On behalf of plaintiff proofs were introduced as to the respective ages and health of the parents of the child, and as to his age, health and disposition. Otherwise it does not appear that the jury had before it evidence to assist in determining to what extent the value of services which the child, had he lived, would have rendered to his father between the date of death and his attaining majority, exceeded, if at all, the cost that the father would have incurred in maintaining the child during said period. The determination of this matter was left to the jury under an instruction that permitted the members to draw on their own experiences in life. The evidence was sufficient to require submission of the question of the parent's damages to the jury, as this Court has recognized in [345 Mich. 230] prior decisions. However, such limited testimony necessarily compelled each member of the jury to rely on his own knowledge, experience and judgment.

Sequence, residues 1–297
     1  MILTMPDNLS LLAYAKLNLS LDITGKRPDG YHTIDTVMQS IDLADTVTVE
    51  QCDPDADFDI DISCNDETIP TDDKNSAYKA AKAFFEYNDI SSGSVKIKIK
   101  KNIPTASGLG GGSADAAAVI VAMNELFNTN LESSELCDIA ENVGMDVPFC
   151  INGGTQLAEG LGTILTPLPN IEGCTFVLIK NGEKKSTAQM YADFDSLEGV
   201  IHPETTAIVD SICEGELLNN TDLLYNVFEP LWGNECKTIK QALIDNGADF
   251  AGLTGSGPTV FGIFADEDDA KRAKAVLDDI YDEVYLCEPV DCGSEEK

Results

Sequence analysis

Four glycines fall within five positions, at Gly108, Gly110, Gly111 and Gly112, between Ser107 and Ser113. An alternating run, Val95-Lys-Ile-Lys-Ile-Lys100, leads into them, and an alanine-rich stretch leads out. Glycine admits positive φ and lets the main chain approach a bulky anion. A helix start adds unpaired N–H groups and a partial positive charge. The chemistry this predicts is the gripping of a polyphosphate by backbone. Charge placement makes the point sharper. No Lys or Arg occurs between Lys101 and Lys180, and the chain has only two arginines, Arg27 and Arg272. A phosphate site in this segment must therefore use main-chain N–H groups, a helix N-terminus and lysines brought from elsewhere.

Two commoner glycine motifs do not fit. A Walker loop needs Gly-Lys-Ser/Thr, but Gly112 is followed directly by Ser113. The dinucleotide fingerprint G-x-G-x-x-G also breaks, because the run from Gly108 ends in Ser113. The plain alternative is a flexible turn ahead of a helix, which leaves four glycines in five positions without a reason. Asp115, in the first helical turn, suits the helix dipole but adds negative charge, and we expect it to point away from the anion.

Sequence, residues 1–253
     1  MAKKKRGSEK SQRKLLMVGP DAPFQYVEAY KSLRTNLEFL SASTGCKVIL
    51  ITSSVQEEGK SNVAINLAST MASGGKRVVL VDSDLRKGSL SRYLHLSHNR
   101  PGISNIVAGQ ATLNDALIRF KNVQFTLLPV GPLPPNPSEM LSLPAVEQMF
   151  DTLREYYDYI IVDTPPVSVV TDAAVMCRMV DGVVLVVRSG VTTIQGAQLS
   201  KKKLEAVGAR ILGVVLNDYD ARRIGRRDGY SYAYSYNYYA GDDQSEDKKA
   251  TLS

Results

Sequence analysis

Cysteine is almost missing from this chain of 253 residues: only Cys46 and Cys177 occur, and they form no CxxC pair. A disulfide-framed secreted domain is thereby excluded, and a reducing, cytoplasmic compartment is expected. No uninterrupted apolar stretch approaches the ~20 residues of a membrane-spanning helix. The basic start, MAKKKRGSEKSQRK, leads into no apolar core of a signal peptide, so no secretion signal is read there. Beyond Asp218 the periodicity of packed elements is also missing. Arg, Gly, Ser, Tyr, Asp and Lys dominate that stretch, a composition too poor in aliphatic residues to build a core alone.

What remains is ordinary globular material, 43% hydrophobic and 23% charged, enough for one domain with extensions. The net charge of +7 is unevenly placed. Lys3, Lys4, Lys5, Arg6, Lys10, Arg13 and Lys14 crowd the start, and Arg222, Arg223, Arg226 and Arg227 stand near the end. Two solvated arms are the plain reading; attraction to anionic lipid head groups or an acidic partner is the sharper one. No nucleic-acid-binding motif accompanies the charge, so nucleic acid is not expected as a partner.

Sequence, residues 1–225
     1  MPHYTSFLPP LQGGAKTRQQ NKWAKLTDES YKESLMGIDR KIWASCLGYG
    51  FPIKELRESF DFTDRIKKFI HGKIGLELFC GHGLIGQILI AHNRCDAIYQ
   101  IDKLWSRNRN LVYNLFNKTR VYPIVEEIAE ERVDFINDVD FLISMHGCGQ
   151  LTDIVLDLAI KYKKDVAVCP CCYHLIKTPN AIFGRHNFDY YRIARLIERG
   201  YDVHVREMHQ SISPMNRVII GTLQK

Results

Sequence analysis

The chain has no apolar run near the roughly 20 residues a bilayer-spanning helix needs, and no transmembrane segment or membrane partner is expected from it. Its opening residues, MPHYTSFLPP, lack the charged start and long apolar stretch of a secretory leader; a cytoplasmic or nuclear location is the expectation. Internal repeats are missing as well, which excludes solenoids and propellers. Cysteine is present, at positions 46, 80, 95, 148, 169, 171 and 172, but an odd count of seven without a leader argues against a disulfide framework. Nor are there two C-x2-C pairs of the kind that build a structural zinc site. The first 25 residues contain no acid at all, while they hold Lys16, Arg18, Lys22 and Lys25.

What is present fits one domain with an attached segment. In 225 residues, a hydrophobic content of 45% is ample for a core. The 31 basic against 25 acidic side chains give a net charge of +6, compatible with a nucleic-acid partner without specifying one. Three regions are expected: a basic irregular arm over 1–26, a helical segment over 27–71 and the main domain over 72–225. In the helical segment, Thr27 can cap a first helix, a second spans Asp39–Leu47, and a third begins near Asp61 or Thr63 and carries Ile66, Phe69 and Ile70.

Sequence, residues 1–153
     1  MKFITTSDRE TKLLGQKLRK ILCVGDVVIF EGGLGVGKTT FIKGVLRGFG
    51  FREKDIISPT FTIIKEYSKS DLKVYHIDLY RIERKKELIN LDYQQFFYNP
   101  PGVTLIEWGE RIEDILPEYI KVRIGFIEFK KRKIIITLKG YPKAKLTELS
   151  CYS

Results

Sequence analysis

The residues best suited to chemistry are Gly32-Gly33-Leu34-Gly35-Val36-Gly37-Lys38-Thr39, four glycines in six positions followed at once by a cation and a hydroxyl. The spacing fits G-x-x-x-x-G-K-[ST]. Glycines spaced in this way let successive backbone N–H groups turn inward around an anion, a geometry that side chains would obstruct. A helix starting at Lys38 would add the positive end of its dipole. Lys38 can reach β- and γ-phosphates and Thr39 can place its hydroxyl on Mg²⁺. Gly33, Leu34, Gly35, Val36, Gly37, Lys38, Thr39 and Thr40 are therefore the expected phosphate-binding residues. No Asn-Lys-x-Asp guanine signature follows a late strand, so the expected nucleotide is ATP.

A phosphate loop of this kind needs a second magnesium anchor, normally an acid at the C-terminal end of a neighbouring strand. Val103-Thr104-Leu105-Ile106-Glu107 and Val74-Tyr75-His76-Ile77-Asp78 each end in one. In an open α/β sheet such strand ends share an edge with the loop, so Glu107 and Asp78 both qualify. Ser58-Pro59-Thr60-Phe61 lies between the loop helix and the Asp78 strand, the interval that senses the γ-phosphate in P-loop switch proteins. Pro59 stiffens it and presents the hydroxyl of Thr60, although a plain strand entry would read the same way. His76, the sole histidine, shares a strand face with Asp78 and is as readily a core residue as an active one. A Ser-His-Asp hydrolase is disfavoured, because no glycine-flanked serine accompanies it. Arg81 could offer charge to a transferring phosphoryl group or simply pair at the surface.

A charge similar in substance to the one given in the instant case was approved in Morris v. Radley, 306 Mich. 689, 697, 11 N.W.2d 291. Such approval was in accord with prior decisions. In rajnowski v. Detroit, B. C. & A. Railroad Co., 74 Mich. 20, 41 N.W. 847, 849, it was said:

'The defendant produced witnesses who were fathers of children, and had reared them from infancy to manhood, and inquired of them what was the pecuniary value to its parent of a male child, from the age of 5 years until it arrived at the age of 21, over and above the care, education, maintenance, and support of such child.'